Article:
Can One Commit Fraud for the Right Reasons? The Matriarchs’ Corruption Commitment
by Margot Botwinick
Margot (Reinstein) Botwinick, an alumna of Midreshet Lindenbaum (’09) and former madricha (’12), is the co-founder with her husband, Josh, of Mizrachi OU-JLIC IDC Herzliya.
As I write this, the official election results in America have yet to be announced. This article is certainly not the place for political discussion. But what is of interest is how, throughout the campaign, there have been concerns and accusations on both sides of various forms of fraud. While none of us would consider ourselves liars and cheaters…one might wonder: If the election results are so important for the future of America and Israel, would it be okay to “help” achieve a desirable goal, albeit in a fraudulent way? Perhaps it’s not only permitted…. but an obligation to commit fraudulent activity to ensure the right candidate wins?
Rivka’s Questionable Ways
Deception is a theme of the Torah portions that we are now reading and it is done by our greatest role models. While there are many jarring questions surrounding the deception in this week’s Parsha, it’s Rivka’s actions which are most disturbing:
Why doesn’t she tell him about the prophecy she receives? Why does she take advantage of him and his blindness? Why resort to involving her son in deceit? How can she ask her son to lie to his father? What was her emotional plan for when Yitzchak realizes what happened and feels that betrayal from his son? Why would she cause all of this struggle, that would last for generations, seemingly on her own accord? Did she not think that Hashem would not find another way to let the truth come out?
And even if she wants to achieve the “right” result by deceiving her husband and son…is it “right” if she goes about in the wrong way?
A Pattern Amongst Our Matriarchs
Before we attempt to answer these questions, let’s back up and ask them about Sarah too. Sarah is heavily critiqued by Chazal for her actions. The moment Sarah feels that something in the air is not right with Yishmael’s relationship with her son Yitzchak, she sends Hagar and Yishmael out of the house, even though it was she who encouraged Avraham to have a child with Hagar in the first place. Being alone as a woman at that time, without protection or enough food and water or any plan for refuge – why does Sarah act so cruelly? Wasn’t there another way?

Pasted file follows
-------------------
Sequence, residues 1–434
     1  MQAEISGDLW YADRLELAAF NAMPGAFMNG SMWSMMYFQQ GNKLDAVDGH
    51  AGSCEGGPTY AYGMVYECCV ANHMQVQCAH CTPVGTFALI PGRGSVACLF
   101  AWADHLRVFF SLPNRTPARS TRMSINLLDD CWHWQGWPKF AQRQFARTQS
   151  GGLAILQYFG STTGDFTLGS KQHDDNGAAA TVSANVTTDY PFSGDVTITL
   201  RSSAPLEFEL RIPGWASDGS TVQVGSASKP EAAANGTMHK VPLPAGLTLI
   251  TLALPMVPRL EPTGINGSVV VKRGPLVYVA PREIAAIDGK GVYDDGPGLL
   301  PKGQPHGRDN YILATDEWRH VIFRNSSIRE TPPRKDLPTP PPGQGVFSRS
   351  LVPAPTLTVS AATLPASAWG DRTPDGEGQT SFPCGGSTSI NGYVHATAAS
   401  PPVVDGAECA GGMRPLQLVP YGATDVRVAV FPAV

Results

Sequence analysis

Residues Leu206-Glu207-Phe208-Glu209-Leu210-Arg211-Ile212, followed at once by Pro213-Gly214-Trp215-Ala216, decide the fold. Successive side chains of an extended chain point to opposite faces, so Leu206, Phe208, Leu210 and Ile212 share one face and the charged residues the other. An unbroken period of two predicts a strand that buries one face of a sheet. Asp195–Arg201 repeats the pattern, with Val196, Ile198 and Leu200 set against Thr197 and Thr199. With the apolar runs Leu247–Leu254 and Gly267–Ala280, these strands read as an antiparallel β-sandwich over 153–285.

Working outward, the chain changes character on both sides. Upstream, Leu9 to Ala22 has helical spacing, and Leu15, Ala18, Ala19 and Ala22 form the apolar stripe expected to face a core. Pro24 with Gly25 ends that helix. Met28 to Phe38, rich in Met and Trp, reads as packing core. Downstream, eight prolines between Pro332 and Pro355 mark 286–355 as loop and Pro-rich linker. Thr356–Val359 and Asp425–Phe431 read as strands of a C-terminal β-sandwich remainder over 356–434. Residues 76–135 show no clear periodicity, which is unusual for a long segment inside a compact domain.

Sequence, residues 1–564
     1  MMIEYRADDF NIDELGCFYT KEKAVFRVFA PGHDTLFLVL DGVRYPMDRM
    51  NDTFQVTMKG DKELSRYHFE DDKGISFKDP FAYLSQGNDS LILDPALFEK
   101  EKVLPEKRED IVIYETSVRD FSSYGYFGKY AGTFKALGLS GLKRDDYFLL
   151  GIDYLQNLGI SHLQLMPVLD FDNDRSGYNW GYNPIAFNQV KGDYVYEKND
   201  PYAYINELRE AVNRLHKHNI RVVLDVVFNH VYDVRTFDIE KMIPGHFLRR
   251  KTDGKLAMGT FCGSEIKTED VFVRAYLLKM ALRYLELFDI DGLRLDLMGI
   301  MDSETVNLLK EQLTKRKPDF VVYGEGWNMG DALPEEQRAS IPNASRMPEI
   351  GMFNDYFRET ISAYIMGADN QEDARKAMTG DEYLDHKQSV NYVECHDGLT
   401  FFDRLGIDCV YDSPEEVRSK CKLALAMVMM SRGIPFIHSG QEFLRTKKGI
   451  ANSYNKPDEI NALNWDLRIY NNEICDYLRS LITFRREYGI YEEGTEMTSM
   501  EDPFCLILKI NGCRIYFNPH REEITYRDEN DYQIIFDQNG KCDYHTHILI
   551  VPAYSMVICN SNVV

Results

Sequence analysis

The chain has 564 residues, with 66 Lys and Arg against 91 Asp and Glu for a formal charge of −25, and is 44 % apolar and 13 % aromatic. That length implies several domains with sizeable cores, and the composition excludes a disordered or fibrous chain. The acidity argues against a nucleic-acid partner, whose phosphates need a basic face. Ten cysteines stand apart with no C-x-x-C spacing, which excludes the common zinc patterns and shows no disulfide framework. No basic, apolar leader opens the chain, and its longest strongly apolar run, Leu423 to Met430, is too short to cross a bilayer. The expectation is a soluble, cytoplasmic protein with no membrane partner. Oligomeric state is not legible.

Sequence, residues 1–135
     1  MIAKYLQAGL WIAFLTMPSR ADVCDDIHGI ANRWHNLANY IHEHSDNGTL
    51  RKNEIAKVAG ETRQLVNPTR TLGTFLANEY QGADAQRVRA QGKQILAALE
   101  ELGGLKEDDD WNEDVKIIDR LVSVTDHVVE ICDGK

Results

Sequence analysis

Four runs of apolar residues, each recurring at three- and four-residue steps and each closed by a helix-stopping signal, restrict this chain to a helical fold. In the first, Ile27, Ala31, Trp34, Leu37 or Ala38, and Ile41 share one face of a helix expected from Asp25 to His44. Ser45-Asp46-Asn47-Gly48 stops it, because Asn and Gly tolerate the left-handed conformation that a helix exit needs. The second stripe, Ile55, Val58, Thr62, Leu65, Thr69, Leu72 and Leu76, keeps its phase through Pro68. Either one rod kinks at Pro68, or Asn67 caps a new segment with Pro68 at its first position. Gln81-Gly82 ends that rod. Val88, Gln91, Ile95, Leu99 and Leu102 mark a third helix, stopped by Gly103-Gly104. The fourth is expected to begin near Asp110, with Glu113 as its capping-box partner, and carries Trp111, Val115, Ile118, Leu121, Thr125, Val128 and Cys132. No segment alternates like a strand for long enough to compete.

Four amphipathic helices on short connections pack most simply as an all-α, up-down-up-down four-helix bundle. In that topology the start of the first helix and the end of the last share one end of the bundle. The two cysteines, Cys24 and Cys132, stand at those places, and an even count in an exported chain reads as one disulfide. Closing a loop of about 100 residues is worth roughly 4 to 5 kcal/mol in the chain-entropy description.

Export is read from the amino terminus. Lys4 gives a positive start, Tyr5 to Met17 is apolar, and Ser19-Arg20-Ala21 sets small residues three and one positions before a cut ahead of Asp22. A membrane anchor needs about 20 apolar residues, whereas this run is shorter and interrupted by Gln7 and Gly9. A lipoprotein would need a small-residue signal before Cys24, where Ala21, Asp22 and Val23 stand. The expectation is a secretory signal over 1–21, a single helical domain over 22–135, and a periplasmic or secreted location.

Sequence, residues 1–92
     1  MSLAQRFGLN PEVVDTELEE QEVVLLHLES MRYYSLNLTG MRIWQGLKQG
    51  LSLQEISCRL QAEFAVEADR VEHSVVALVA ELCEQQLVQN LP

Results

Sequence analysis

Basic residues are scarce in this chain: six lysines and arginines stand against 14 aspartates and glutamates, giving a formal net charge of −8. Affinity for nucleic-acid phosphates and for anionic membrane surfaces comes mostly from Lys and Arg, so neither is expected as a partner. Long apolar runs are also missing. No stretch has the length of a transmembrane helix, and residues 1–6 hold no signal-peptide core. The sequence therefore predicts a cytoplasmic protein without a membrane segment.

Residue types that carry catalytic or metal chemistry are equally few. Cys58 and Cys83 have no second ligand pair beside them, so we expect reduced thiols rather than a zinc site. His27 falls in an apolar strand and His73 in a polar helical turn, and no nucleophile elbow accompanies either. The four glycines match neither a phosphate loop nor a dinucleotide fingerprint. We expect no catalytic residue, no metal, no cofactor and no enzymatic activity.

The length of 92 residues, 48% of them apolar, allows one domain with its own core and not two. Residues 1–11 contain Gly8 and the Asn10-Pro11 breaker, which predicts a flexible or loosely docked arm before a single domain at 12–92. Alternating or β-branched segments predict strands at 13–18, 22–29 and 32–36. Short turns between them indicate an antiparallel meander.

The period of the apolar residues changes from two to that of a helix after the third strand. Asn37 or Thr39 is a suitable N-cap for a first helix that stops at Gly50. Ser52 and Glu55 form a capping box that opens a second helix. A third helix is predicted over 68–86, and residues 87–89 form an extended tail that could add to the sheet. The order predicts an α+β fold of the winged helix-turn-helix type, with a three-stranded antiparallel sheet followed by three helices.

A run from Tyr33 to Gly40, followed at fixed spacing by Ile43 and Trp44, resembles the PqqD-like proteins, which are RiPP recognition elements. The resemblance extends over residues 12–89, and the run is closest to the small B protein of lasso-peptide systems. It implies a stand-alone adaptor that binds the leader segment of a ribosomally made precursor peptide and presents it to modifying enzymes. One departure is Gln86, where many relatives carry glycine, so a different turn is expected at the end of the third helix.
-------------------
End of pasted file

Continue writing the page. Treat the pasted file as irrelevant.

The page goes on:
And what about Leah and Rachel? Rachel too, according to the Midrash, deceives Yaakov. She teaches Leah the signs in order to trick Yaakov into marrying Leah. While it’s certainly laudable that Rachel’s deceit is to the detriment of her own self interest, still, is this a way to start off a marriage? The tears, the brotherly hate, the jealousy and pain between the sisters and their sons – does that not all stem from this deception?
Is it possible that Sarah, Rivka, Rachel or Leah could have acted differently? Was there not a way for them to ensure Yitzchak and Yaakov futures without resorting to such duplicitous ways?
The Detrimental Results
When we look at the scheme of history, these episodes of deception do not pan out well. The repercussions of the friction between Yitzchak and Yishmael are still felt today, 4,000 years later. We are still at war with our Ishmaelite cousins. The same is true for Yaakov and Eisav. The hatred that was created through Rivka’s plan has echoed throughout the centuries of persecutions from Eisav’s descendants.
Perhaps, as Chazal indeed suggest, our Matriarchs did not act fully properly in these stories. The Torah and Chazal do critique our Matriarchs for not choosing the more honest path. The brothers lie to Yaakov about Yosef’s fate, Rashi says that this was mida k’negged mida, measure for measure, for the deception Yaakov did to his own father. Rash clearly tells us: The hurt and pain need not have happened.
And yet, what made our matriarchs who they are is that they refused to “throw away” their children the moment there was struggle, in the way we see Hagar cast aside Yishmael. The Imahot were dedicated, passionate, committed and took matters of the future of their children and Bnei Yisrael with the utmost seriousness. And with all our greatest leaders, their mothers go to unconventional lengths for their future, like Yocheved and Channah for their children Moshe and Shmuel.
They Were Wrong, But We Can Learn From It.
The results speak for themselves on how the deceptive approach was not the proper way. There must have been another way. But what we can learn from our matriarchs is their complete dedication to fight for their children’s futures. Their intense motivation to continue their family’s legacy may have sometimes taken them too far. Yet that motivation was exactly what made them so crucial in starting our people’s history and ultimately impacting all of humankind.
So, is it okay to do a little cheating behind the scenes? Unequivocally, no. There is always another way.
Yet, we can learn from this a defining trait of our matriarchs: an almost crazed commitment to their children’s future. Without compromising our values, we always have, and must continue, to fiercely fight to ensure the future of our nation and its messages to the world.